Ap and lateral views of ankle and foot are the x-rays to begin with. Canale view provides an optimal view of talar neck. It is taken in maximum equinus, 15 degrees pronated. The beam of x-ray is 75 degrees cephalad from horizontal
CT scan is able to provide 3D view and degree of displacement, comminution, and articular congruity. It can assess ipsilateral foot injuries as well.
There is not much role of MRI in acute injury of the talus. It is more useful in the determination of avascular necrosis of the talus.
Treatment of Talar Neck Fractures
The emergency reduction should be attempted in all the cases to bring fragments as close to anatomy and to protect internal structures from undue stress and secondary injury.
Hawkins type I fractures can be managed by short leg cast for 8-12 weeks. However, a CT scan should be done to rule out articular step off.
Avascular necrosis is a rarity, and late secondary arthritis of the subtalar joint is also uncommon.
Operative treatment is considered in form of closed reduction/open reduction and fixation should be performed in Hawkins II-IV fractures.
Type II Fractures
Anatomical restoration of the neck is essential to restore congruity to the subtalar joint, which, in turn, will restore the normal plantigrade position of the foot. A closed reduction with general anesthesia may accomplish this task but the absolutely anatomical reduction is often not achieved. Therefore, early anatomical open reduction and internal fixation of this injury should be followed.
If the surgical approach does not interfere with the remaining medial blood supply, significant avascular necrosis will be rare. After anatomical reduction, the secondary problem in that joint and in the foot will be avoided, resulting in a satisfactory outcome.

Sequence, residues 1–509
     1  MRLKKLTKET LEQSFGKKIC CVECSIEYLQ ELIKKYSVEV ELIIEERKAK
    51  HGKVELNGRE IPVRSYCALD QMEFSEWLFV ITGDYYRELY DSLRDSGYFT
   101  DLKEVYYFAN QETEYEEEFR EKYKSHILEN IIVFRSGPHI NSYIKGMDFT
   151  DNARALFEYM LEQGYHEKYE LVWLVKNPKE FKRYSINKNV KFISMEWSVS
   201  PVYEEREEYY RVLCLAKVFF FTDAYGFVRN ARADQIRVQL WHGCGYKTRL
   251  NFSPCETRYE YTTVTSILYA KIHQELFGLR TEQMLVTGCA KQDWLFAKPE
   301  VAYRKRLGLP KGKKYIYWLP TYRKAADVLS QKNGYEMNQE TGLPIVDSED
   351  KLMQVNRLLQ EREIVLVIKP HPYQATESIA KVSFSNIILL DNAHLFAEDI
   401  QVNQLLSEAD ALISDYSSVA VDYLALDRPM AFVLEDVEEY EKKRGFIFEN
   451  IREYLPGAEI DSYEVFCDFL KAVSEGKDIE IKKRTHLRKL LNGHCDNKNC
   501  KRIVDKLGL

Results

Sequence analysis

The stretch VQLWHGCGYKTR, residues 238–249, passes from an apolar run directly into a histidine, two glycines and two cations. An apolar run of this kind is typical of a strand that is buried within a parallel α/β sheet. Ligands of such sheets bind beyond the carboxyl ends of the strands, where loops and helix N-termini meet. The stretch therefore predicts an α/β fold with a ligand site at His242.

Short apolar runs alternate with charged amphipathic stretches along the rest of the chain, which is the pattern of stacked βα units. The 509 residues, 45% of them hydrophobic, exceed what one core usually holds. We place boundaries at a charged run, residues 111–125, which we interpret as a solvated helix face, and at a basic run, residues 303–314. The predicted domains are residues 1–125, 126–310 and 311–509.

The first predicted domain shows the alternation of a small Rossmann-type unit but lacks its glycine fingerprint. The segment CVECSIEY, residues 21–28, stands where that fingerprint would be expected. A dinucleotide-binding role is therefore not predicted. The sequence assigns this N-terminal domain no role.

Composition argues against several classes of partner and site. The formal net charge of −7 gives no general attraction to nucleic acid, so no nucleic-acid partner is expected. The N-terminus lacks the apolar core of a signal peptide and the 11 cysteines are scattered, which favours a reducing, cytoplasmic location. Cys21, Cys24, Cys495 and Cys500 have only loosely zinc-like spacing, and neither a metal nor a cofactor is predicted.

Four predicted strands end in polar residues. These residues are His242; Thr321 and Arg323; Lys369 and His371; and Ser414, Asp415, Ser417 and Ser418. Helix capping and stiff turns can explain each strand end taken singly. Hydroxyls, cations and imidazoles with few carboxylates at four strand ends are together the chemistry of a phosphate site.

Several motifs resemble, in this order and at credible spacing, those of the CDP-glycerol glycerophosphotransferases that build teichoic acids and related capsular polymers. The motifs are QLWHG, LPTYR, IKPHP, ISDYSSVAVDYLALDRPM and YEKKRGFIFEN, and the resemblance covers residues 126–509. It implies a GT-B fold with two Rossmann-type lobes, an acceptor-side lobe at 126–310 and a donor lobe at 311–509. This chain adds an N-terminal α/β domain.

Type III, IV Fractures
A fracture of the talar neck with dislocation of the talar body is a surgical emergency. The extruded body lies posterior to the medial malleolus. To prevent secondary neurovascular injury, the urgent reduction is done.
Open reduction is done and once the body of the talus has been restored to its normal position, the talar neck fracture should then be stably fixed with cancellous lag screws.
If the fracture is highly comminuted or too contaminated, discard the extruded talus body and a fusion is performed.
comminuted or contamination of the wound would make sepsis likely in an open fracture. In
Prophylactic antibiotics must be administered in all patients for surgery.
Talus fractures are approached by either anteromedial [between tibialis anterior and posterior tibialis] or anterolateral [Between tibia and fibula proximally, in line with 4th ray] approached.
The various implants which can be used are k-wires, mini and small fragment screws, cannulated screws and mini fragment plates.
The patient is kept non-weight-bearing for 10-12 weeks
Wounds are closed in layers but it is the best to leave the lacerated portion of the wound open.
Complications of Talar Neck Fractures
Avascular Necrosis or Osteonecrosis
In type I or type II talar neck fractures, the risk of avascular necrosis is minimal, whereas in type III injuries necrosis is virtually certain.
The osteonecrotic changes may be recognized around 6-8 weeks following the injury on the x-rays.
Talar body initially shows increased density compared to the surrounding bone. This is because the surrounding bone is vascular and is undergoing disuse atrophy.
With revascularization occurs, there is rarefaction of subchondral bone, a possible collapse in due course, narrowing of joint space, and occasionally fragmentation of the talar body.
The subtalar joint is most commonly involved to undergo arthritic changes [50%], followed by tibiotalar join [30%]
Malunion often occurs in varus. This complication can be prevented by anatomic reduction. It leads to decreased subtalar eversion, stiff foot due to decreased movements of midfoot and hindfoot due to decreased subtalar eversion. The weight bearing goes to the lateral border of the foot.